“And there are many such, who think they gain a point if only they be like a great man in some thing; and frequently they devote themselves to that which is his only fault.”
Baldassare Castiglione (December 6, 1478 – February 2, 1529), known as the Count of Casatico, was an Italian courtier, diplomat, soldier and a prominent Renaissance author, who is probably most famous for his authorship of The Book of the Courtier.
The work was an example of a courtesy book, dealing with questions of the etiquette and morality of the courtier, and was very influential in 16th century European court circles.
Born into an illustrious family at Casatico, near Mantua (Lombardy), his family had constructed an impressive palazzo. The signoria (lordship) of Casatico (today part of the commune of Marcaria) had been assigned to an ancestor, Baldassare da Castiglione, a friend of Ludovico III Gonzaga, Marquis of Mantua, in 1445. The later Baldassare was related to Ludovico Gonzaga through his mother, Luigia Gonzaga.
In 1494 at the age of 16, Castiglione began his humanist studies in Milan, studies which would eventually inform his future writings. However, in 1499 after the death of his father, Castiglione left his studies and Milan to succeed his father as the head of their noble family.
Soon his duties included officially representing the Gonzaga court; for instance, he accompanied his marquis for the Royal entry at Milan of Louis XII. He traveled quite often for the Gonzagas; during one of his missions to Rome he met Guidobaldo da Montefeltro, Duke of Urbino; and in 1504, a reluctant Francesco Gonzaga allowed him to leave and take up residence in that court.
The Humanist spirit, with its longing to embrace and fuse the variety and confusion of life, fills that Renaissance conversation—at once so formal and so free, so schooled and spontaneous, so disciplined in design and convivial in movement—with an ardent vision of the one virtue of which human nature is normally capable: that of moral urbanity. And it is this virtue which women lend to society.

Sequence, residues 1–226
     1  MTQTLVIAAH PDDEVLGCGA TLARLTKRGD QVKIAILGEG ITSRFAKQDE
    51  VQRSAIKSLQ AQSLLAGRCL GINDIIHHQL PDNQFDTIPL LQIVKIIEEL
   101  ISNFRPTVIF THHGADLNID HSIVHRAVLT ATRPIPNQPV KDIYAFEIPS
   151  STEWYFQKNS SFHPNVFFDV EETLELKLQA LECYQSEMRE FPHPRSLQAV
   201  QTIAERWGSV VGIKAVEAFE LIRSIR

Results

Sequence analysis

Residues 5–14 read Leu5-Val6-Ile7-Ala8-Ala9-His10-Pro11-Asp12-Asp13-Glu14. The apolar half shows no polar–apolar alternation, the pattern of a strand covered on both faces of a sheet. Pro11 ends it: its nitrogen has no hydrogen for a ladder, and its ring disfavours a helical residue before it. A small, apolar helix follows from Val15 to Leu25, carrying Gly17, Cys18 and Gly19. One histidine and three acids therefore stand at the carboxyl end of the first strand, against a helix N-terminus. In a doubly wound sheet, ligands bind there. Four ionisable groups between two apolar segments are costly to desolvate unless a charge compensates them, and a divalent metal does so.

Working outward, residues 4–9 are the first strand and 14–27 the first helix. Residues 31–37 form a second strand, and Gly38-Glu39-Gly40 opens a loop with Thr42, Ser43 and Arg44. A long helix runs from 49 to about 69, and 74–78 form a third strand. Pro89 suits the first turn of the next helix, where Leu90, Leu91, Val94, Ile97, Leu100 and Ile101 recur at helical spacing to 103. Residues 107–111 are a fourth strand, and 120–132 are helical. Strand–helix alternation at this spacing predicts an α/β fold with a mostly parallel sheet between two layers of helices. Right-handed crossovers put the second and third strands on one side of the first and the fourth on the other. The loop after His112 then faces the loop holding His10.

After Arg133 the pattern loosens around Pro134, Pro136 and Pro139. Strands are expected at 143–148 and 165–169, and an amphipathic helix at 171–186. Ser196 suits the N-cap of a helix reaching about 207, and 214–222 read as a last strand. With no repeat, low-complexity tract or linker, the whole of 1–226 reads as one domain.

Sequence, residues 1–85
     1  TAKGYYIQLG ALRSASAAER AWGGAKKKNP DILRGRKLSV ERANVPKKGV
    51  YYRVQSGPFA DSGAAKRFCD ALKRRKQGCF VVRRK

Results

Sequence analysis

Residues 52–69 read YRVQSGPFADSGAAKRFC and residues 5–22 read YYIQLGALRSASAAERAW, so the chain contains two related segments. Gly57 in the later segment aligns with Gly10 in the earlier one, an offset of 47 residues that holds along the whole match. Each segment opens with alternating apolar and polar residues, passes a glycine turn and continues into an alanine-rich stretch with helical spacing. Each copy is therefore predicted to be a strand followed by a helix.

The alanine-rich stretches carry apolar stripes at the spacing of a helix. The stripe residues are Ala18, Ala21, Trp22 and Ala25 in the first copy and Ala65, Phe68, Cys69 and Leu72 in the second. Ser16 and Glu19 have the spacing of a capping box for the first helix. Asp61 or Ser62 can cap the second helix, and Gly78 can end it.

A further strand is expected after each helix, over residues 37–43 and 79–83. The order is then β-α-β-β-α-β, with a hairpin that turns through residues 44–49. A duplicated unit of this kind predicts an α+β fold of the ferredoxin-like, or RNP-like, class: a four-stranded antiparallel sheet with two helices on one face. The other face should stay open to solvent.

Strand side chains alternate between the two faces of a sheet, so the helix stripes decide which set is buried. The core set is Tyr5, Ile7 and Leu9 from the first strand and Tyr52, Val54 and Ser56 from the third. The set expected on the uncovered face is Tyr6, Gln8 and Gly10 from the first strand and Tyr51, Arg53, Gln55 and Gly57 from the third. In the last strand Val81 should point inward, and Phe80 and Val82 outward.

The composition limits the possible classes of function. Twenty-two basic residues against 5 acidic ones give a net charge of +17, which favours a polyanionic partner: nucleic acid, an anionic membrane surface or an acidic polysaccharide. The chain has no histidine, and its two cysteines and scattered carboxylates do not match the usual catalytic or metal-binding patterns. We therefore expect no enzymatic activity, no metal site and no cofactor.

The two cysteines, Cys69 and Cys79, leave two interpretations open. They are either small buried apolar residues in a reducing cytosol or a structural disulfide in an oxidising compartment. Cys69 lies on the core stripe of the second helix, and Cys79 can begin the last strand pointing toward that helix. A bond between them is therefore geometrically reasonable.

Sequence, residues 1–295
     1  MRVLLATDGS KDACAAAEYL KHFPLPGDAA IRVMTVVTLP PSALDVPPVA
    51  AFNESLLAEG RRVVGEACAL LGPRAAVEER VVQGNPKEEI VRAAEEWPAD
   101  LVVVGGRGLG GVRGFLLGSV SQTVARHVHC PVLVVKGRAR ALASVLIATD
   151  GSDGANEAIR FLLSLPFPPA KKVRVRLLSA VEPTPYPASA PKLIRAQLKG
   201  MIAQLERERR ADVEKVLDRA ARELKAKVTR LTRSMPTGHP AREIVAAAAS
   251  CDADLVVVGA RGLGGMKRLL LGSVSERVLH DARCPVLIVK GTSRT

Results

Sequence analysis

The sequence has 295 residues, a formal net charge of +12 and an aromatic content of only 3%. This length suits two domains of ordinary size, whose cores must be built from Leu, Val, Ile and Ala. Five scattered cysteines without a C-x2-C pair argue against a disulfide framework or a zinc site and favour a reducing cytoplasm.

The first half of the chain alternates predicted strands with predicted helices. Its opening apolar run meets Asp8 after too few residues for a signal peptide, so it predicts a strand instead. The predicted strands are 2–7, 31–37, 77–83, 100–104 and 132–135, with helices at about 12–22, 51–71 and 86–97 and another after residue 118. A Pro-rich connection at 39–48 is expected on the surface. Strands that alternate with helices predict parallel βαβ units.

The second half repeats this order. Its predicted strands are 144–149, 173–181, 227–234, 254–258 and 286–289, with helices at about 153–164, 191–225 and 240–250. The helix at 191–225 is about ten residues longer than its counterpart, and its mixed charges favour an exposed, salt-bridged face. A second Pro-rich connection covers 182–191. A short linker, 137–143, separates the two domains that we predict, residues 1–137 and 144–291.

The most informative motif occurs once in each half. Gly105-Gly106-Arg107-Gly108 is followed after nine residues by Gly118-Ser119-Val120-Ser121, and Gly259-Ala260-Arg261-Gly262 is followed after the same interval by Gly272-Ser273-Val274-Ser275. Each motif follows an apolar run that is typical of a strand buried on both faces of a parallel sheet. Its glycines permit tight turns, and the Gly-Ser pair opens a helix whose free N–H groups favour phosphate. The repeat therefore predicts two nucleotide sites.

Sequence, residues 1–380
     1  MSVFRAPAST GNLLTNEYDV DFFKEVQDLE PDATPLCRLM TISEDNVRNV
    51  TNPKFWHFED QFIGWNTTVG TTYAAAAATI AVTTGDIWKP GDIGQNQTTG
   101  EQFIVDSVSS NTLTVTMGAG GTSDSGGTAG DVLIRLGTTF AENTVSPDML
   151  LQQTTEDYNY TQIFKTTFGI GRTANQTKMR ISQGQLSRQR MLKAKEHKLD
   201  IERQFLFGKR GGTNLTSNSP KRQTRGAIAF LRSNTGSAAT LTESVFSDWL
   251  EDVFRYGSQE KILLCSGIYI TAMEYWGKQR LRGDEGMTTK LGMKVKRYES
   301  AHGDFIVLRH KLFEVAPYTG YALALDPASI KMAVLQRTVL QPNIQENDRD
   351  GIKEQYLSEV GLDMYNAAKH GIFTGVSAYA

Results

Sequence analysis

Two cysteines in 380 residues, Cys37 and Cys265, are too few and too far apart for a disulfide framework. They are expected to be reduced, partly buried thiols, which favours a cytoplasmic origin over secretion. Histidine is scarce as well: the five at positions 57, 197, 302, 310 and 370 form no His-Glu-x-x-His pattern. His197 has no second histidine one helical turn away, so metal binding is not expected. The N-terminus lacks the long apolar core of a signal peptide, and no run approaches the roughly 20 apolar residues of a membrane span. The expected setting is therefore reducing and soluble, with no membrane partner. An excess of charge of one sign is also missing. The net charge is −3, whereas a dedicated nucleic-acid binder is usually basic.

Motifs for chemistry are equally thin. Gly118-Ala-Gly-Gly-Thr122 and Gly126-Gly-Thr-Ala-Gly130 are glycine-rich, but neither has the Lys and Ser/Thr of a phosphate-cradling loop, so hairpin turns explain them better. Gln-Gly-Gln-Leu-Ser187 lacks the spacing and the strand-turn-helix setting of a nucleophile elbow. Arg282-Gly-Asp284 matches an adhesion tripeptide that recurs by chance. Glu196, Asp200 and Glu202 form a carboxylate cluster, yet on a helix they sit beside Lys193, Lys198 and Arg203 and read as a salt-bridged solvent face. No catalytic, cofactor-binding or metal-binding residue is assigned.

He died of the plague in Toledo in 1529.
In 1528, the year before his death, The Book of the Courtier (Il Libro del Cortegiano) was published in Venice by the Aldine Press, run by the heirs of Aldus Manutius. The book, in dialog form, is an elegiac portrait of the exemplary court of Guidobaldo da Montefeltro of Urbino during Castiglione’s youthful stay there at the beginning of the sixteenth century.
It depicts an elegant philosophical conversation, presided over by Elisabetta Gonzaga, (whose husband, Guidobaldo, an invalid, was confined to bed) and her sister-in-law Emilia Pia. Castiglione himself does not contribute to the discussion, which is imagined as having occurred while he was away. The book is Castiglione’s memorial tribute to life at Urbino and to his friendships with the other members of the court, all of whom went on to have important positions and many of whom had died by the time the book was published, giving poignancy to their portrayals.
Castiglione writes: They are the custodians of the social covenant. In the code of the Courtier the Renaissance woman comes into her own and the mission which Isabella [of Este, Marchesa of Mantua, known as the “first lady of the Renaissance”] pursued amid the strenuous turmoil of actual life is realized, in these animated pages, by her passive sister-in-law Elizabetta. Though she takes no part in the conversation, she presides over it, and her presence permeates its conduct. The men defer to her, especially in their conduct with women—”with whom we had the freest and commerce, but such was the respect we bore to the will of the Duchess that freedom was the greatest restraint.”